Today’s topic is ‘No Thanks!’ as in, situations you wouldn’t wanna find yourself in! This is a neat topic I think – because there are a lot of books where I just know if I found myself in the middle of them I’d just like go die immediately.
These are some of those books:
Death Note by Tsugumi Ohba – This is definitely a story I wouldn’t want to be in, either as a bystander or the main character. The decisions made here are way too morally loaded for me and I don’t know if I could handle it.
If I had a notebook that could kill anyone, would I use it like the main character did to kill off the villains in the show and become a villain myself? I’d like to say no, but I don’t want to be put in the position where I’d have to find out.
Midori Days by Kazurou Inoue – I definitely wouldn’t want to be in this situation. Midori, the girl with green hair on the cover, wakes up one day to find that she’s replaced the right hand of Seiji, a teenage boy. Romance and hijinx insue but like… the series kept this pretty light and fluffy and comedic, but there are definitely ways this could have ended up horrible if she would have ended up on a bad person’s hand. Yeah no thanks.
Life as We Knew It by Susan Beth Pfeffer – Despite the fact that I ended up not particularly caring for this book, it’s one that has lodged itself in my head and I think about it a lot. It’s basically climate horror, and no no no I don’t wanna be in it, thanks.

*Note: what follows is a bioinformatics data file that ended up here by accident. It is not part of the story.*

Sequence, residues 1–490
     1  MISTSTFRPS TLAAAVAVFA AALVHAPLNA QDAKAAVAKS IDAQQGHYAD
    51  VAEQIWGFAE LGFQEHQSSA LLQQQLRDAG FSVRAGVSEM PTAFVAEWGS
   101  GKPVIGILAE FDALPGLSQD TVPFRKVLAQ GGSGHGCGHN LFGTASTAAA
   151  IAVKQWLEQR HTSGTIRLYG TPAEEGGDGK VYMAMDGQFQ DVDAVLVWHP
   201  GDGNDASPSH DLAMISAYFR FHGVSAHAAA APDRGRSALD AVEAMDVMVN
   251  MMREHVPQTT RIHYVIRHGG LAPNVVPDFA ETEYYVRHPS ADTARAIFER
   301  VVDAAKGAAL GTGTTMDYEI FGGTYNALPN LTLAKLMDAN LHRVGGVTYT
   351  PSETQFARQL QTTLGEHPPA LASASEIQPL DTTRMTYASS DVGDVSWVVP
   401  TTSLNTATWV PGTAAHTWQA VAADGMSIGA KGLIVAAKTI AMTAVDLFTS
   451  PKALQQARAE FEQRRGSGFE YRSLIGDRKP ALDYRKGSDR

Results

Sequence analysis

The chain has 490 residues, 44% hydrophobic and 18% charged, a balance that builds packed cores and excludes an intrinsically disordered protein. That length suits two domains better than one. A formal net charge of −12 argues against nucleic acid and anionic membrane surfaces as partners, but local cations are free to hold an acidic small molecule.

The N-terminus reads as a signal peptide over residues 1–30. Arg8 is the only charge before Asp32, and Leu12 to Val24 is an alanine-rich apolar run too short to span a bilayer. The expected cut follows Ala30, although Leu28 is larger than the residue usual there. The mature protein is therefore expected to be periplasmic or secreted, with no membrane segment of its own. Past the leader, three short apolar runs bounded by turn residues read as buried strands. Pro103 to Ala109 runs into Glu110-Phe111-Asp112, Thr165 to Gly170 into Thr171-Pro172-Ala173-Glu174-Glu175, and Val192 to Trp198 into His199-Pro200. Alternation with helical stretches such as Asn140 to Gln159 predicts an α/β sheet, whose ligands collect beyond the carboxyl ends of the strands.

The Library at Mount Char by Scott Hawkins – This is another one of those books set in a world that would just be like… horrifying to live in. I mean a) I’d died right away but also b) who in the world wouldn’t?! It’s terrifying!
And that’s it! On the off chance a magical book fairy ever appears and goes ‘I’ll put you in a book!’, these are the five that I’ll be like ‘yeah no, but thanks’.
Happy Wednesday! This week’s official topic is ‘Latin Lit’ but after going through all my books I realized I don’t have enough books to fill the post! That I’ll have to fix, so if you have any books written by Latinx authors, do let me know!
So today I’m doing the Alternate Topic that was supplied: Topaz. Because it’s November and topaz is the birthstone of November, the topic is to show books with topaz colors! Topaz I know can be many colors but one of the most common ones is yellow-y, so I’m doing yellow-y manga! Specifically yellow-y spines.
This is what I’ve chosen! (There are more than five, hush, I know):
The ones shown are:
Now, most of these I’ve read, but there are a few I haven’t. I’ll get there though, I’ll get there!
If you’ve read any of the above, do let me know! Happy reading!
Happy Wednesday! Today’s topic revolves around Nonfiction November, and is a bit open-ended as far as what to actually write about. So I’ve chosen to do the top five nonfiction books I want to read out of all the unread ones that I own.
I don’t talk too much about nonfiction, as I rarely read it. When I do read it though, I tend to enjoy it. I just have to be in the mood. In my house there are about one and a half book cases worth of nonfiction books. Most of them are my husband’s, but I have a chunk of them too. According to my Goodreads shelf, I own twenty-two nonfiction books that I have yet to read. Looking through those, these are the five that most grab my attention, in no particular order:
Hidden Figures by Margot Lee Shetterly – I picked this up a few months ago after the author gave a presentation for my work. I’ve seen the movie and loved it, so I wanted to give the book a try as well.